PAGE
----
I am a big fan of eastasiasoft’s Soldner X shoot’em ups, so I was surprised but excited when they announced that they were working on a strategy based RPG for the Playstation 3. Eastasiasoft is a relatively new company that up to this point had never produced an RPG. To keep my fanboy anticipation in check I purposely avoided updates leading up to the game’s release, but all the while it’s been on my mind. Now that I’ve played Rainbow Moon I can say that even though it’s not really what I expected, I’m definitely not disappointed. It’s certainly quirkier than I would have thought, but it’s provided me with hours of fun light-hearted gameplay.
The very first thing that stands out for me about Rainbow Moon are the visuals. The graphics are detailed and colorful, but it’s really the design aesthetic that jumped out at me. The characters have a squat animated look that makes them feel like they’ve jumped straight out of an eighties Saturday morning cartoon. The backgrounds share that same bold colorful look, and are dense with the detail that you would expect from the makers of the Soldner X games. Unfortunately sometimes the backgrounds are a bit too dense, which makes paths and treasures a bit difficult to see. It’s a minor complaint that if anything just made me pay more attention to the games varied environs. I was surprised at how much I enjoyed the non-anime retro cartoon styled graphics, but they work very well in establishing the overall mood of the game.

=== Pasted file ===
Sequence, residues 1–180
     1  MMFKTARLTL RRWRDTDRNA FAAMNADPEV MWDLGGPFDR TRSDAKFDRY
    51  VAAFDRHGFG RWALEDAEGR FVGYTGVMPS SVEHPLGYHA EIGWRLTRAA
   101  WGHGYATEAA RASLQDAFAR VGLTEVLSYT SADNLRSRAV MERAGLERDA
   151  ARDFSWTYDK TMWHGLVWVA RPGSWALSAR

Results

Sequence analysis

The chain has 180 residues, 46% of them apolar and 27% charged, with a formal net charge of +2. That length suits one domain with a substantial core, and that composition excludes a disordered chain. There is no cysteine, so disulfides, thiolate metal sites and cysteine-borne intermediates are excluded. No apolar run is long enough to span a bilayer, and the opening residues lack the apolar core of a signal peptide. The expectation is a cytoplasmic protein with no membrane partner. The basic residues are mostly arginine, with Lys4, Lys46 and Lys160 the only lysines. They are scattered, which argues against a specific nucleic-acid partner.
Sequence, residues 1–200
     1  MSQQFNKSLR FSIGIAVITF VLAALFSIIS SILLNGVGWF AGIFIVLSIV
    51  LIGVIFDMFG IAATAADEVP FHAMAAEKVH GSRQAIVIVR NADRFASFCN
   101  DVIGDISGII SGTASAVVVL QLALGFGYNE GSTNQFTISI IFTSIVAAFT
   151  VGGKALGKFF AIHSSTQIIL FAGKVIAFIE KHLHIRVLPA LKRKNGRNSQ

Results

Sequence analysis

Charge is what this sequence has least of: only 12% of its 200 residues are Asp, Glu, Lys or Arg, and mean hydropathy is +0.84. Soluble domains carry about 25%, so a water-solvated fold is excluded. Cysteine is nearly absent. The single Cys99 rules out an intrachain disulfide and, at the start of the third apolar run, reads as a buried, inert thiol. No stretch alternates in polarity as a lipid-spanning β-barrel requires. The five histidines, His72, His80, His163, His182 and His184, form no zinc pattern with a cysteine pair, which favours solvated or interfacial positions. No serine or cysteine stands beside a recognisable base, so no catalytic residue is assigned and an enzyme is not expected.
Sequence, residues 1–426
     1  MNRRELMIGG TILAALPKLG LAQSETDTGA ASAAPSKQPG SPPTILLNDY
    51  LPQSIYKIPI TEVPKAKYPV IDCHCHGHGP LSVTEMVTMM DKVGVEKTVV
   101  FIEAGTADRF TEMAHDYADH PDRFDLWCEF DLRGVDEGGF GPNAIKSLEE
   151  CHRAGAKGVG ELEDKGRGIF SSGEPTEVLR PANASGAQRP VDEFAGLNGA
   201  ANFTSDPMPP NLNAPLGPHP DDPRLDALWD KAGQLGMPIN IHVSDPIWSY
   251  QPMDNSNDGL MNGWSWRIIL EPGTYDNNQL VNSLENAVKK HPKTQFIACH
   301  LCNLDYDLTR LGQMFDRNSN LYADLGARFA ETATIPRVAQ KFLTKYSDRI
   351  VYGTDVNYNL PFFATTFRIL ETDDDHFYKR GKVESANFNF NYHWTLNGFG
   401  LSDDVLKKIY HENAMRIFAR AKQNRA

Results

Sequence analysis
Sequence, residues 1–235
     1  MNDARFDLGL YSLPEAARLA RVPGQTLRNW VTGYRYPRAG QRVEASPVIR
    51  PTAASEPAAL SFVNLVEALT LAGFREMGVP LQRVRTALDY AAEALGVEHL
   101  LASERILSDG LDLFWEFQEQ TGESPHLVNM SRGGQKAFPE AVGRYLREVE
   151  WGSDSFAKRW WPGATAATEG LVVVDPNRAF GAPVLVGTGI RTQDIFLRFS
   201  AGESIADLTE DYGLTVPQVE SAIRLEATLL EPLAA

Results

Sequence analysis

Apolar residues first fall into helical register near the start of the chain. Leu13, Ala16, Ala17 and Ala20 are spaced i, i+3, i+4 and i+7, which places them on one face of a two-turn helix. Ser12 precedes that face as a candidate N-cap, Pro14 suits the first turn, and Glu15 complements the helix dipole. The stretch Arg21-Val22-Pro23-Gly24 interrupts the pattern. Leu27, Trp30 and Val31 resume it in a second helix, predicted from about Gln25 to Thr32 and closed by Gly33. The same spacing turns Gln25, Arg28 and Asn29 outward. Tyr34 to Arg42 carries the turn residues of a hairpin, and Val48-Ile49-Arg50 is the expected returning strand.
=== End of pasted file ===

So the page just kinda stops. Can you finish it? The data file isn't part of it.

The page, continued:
The sound design of Rainbow Moon shines, but just like the graphics has its own eccentricities. The soundtrack is upbeat and each track matches to its corresponding area well. The oddity comes into play where the character voices are concerned. While the narrator that tells the story during the opening moments of the game is superbly voiced, the in-game character voices are just plain weird. Every character that you talk to in Rainbow Moon gives you a little “Hello” when you first approach them, and then ends each conversation with a “Goodbye!” It’s not an unusual concept for game characters to do this, but the characters in most games don’t usually sound so… well, strange. It could just be an accent, after all the game was produced primarily by German speakers, and at first I found it charming and fitting for the feel of the game, but eventually it started to get on my nerves. My irritation with the voices wasn’t enough to keep me from enjoying the wonderful music, but I wish they would have made a different choice with the voices.
One of the first questions I always ask anybody that recommends a new RPG to me is “how is the story?” Rainbow Moon is a bit light in the story department. The opening segment of the game informs us via a brief cut-scene that Baldren, our hero, was headed to an annual battle with his arch nemesis when said evil-doer ambushes him. Poor Baldren is caught off guard and flung through a dimensional gate that lands him in an unfamiliar land, the eponymous Rainbow Moon. Unfortunately for the peaceful residents of Rainbow Moon, Baldren has brought along some dimensional hitchhikers with him through the gate in the form of hordes of nasty monsters. Baldren just wants to get back home, but he can’t do it without at least some help from the people of Rainbow Moon who on the whole aren’t very happy about being overrun by monsters.